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Jim Brown living in the past with remarks on Kobe Bryant

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Update: December 12, 2013 Los Angeles, CA:

Kobe Bryant tweeted a short comment on Jim Brown's assessment of him as being "confused about culture...So it doesn't quite fit what's happening in America."

Straight from Bryant's Twitter feed: "A "Global" African American is an inferior shade to "American" African Americans?? #hmm.. that doesn't sound very #Mandela or #DrKing sir"

Back to you, Jim. Original story follows:

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Jim Brown, NFL Hall of Fame running back and political activist has set off a bit of a storm once again. This time it was what he said about Kobe Bryant in comments made during an appearance yesterday on a talk show hosted by Arsenio Hall.

Brown said when asked his opinion of Kobe Bryant, "He threw Shaq under the bus," as he began a harsh critique of the 35 year-old star of the Los Angeles Lakers.

His remarks are pointed and relate to nasty personal history between Shaquille O'Neal and Kobe Bryant that dates back more than ten years.Insiders and those close to the men have whispered about Kobe breaking the "man code" with respect to extra-marital activity on the part of O'Neal.

Does Jim Brown know that even Shaquille O'Neal has let all that go?

Brown went on to say that Kobe "...is similarly confused about culture because he was brought up in another country. So it doesn't quite fit what's happening here in America. Unbelievable athlete. Unbelievable."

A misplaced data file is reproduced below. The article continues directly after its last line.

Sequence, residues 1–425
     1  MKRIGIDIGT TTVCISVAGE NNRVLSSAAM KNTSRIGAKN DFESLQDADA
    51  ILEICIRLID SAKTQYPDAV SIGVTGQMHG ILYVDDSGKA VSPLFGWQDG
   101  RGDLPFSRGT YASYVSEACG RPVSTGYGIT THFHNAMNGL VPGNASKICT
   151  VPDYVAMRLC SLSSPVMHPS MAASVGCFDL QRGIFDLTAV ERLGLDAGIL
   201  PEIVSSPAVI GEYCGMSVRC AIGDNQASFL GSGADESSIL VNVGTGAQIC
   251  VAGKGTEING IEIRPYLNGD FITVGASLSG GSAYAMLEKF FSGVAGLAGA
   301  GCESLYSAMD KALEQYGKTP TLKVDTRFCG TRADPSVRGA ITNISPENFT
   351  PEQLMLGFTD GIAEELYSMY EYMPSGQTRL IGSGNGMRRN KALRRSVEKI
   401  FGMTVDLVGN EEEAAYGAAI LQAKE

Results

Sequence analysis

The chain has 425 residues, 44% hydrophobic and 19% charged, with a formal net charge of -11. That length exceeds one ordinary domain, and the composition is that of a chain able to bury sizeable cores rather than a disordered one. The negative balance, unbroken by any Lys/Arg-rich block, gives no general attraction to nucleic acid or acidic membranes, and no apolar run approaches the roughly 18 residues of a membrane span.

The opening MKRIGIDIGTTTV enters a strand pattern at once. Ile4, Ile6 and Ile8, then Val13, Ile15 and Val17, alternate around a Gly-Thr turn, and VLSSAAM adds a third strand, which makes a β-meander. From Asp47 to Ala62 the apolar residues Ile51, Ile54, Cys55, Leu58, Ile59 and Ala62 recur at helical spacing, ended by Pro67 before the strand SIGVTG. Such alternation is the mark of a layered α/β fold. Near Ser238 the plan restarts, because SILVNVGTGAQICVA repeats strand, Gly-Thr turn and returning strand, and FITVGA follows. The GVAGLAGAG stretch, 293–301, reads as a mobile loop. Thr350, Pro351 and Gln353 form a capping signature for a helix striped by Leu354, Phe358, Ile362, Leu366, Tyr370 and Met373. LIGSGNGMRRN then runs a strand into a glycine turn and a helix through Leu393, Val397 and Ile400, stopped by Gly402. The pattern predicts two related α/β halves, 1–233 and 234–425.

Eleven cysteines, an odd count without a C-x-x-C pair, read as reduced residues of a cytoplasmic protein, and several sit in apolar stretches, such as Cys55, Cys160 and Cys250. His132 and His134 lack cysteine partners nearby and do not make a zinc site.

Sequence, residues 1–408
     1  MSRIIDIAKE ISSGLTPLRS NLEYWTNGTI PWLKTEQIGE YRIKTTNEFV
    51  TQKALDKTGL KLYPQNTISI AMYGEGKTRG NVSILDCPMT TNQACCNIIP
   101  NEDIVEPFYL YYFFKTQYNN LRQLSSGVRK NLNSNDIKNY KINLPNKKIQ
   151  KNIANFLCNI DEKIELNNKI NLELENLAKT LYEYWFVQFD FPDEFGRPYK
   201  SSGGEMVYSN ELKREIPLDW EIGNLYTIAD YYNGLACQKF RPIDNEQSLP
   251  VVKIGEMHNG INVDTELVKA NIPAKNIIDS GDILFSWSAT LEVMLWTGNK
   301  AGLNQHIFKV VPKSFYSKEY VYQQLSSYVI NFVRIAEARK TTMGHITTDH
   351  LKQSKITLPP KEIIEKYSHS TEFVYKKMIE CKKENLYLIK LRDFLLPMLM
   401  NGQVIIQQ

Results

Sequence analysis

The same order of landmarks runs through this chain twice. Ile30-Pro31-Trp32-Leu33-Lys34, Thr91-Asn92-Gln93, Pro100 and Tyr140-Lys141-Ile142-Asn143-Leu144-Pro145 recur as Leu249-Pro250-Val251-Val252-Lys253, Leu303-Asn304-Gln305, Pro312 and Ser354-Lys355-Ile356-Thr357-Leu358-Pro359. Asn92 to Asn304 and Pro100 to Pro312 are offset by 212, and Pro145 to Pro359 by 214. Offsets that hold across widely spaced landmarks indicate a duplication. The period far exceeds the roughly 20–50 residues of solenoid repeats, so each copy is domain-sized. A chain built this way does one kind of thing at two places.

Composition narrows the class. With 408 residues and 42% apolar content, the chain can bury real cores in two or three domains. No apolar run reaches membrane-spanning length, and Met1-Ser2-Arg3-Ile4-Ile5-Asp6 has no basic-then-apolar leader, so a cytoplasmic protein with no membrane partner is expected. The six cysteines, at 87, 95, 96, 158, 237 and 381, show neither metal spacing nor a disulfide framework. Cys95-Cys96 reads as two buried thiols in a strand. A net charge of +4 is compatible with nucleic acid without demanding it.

The confusion Brown speaks of seems to center on the lack of what the HOF'er sees as Bryant's ability to grasp the essence of the black American experience.

Kobe Bryant was born in Pennsylvania and raised there until the age of six when his family moved to Italy. Bryant and his family moved back to the states when he was 13.

He attended Lower Merion High School, outside Philadelphia, where Kobe became a basketball phenom, before being drafted by the Los Angeles Lakers straight out of school.

Brown harkened back to a summit of black athletes convened by Brown and others in 1967. 46 years ago, a group assembled for a discussion with Muhammad Ali about the legal and career ramifications of the boxer's choice to claim conscientious objector status rather than take part in the military draft.

If that happened today, Brown opined, Kobe wouldn't be invited to attend.

It's striking that Brown can infer from Bryant's life, both public and private, that the Lakers star wouldn't have the bonafides to make it in an august group of today, to support an important African American athlete as he took an unpopular stand considered anti-establishment and politically radical.

Kobe is a product of his time. He may have experienced racial discrimination and hatred, but it doesn't amount to much compared to the athletes assembled for that summit, held only a couple of years after passage of the Civil Rights Act of 1964.

Some might say that whether Kobe and his family remained in and around the burbs of Philadelphia, with no detour to Europe he'd be the same guy he is today.

Might it have more to do with Joe Bryant, Kobe's father, providing a living that enabled his family to reside outside inner cities, allowed his children to attend decent schools and see possibilities for their adulthood?

Many have put Tiger Woods in the category Brown has placed Bryant, with his father's singular ambition for his son to be the best golfer in the world. There has been criticism throughout the years hurled at Michael Jordan for taking no strong position on political and social issues.

But who is going to tell Jim Brown to shut up? The man is entitled to his opinion, just as Kobe Bryant is allowed to live his life in his own way.

What's your take on Brown's criticism of Kobe?

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